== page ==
While Jealous won MoCo, he lost in the wealthy areas that tend to have disproportionate numbers of campaign contributors.  That’s an important fact to note since Jealous is trailing Governor Larry Hogan badly in fundraising from MoCo.  Jealous should tap into any MoCo surrogates he has, especially in Chevy Chase, Bethesda, Potomac and Kensington, to help him fortify those areas and raise money from them.  If they don’t come around to the Democratic nominee, Jealous’s path to Government House will be that much harder.

Next, we will begin looking at the County Executive candidates.

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Who is Paying for RGA’s Campaign?

By Adam Pagnucco.

As we have previously written, the Republican Governors Association (RGA) has launched a TV and mail campaign promoting Governor Larry Hogan and attacking Democratic nominee Ben Jealous.  RGA is a 527, not a PAC or a federal political committee regulated by the FEC, and since the Citizens United decision it is free to advocate for and against candidates.  However, in Maryland, it is registered as an Independent Expenditure (IE) Committee and must disclose its contributions and expenditures.

Below are the 21 entities (17 organizations and 4 individuals) who have contributed to RGA’s Maryland IE account.  They have combined to contribute $1,037,500 to the campaign.  All but one (Gary Mangum of Bell Nursery) are from out of state.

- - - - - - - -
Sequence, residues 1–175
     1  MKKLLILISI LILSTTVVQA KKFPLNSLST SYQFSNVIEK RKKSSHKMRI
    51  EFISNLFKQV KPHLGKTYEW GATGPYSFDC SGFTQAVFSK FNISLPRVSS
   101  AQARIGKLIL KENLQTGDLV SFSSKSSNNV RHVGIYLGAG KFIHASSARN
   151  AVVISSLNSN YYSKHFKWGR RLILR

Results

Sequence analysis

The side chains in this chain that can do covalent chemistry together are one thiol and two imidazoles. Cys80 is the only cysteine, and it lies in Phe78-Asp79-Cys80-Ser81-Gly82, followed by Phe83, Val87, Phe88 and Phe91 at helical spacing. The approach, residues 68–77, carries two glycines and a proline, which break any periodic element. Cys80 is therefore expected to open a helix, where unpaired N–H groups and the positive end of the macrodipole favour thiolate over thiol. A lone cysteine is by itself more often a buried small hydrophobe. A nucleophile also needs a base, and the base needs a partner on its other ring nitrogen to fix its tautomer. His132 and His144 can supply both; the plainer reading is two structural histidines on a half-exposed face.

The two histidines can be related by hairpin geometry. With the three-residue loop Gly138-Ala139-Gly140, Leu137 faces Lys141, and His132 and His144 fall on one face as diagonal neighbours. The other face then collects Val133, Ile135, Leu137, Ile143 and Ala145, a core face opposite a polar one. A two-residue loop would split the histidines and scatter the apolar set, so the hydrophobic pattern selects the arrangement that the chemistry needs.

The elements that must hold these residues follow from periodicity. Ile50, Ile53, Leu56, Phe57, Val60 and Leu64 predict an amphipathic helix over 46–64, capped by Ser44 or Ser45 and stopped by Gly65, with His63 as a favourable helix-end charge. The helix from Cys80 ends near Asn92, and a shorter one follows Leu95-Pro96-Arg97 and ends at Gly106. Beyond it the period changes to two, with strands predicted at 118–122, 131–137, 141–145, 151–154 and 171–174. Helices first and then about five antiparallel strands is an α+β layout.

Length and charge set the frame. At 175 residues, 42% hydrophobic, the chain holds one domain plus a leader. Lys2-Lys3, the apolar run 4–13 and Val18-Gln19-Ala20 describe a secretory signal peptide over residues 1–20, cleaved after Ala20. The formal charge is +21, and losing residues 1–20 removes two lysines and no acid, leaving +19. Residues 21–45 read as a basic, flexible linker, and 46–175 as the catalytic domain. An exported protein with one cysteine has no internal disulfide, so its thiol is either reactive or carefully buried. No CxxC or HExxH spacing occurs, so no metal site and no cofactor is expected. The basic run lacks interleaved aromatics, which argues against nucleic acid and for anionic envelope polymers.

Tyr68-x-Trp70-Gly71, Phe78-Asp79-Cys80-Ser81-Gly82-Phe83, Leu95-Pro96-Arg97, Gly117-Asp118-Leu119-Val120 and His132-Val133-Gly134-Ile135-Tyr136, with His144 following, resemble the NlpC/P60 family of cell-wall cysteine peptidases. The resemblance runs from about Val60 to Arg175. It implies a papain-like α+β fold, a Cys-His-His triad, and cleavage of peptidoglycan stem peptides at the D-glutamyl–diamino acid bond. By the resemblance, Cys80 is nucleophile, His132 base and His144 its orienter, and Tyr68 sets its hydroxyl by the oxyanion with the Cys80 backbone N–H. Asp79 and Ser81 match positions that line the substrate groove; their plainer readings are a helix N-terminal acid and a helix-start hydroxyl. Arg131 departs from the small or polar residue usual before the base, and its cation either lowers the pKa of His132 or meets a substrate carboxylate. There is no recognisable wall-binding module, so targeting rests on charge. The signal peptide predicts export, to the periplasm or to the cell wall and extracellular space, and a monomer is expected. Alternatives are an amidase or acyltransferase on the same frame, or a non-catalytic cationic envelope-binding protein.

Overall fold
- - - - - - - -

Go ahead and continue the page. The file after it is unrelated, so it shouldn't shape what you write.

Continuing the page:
The four healthcare and pharmaceutical companies contributed $300,000, which is interesting considering that Jealous is known for advocating single payer healthcare.  Indeed, one of RGA’s TV ads slams Jealous’s healthcare proposal over its alleged cost.  The $100,000 contribution by student testing firm Data Recognition Corporation is also noteworthy.  Is it seeking contracts in Maryland?

One more item from the IE filings stands out: the vendors collecting its money are all based out of state.  Are there no consultants based in Maryland who are capable of doing political work?  So far, the IE has spent $1,648,663 on TV, online ads, mail and consulting fees.  Compare that to the $2.9 million raised by Jealous’s campaign for the entire cycle.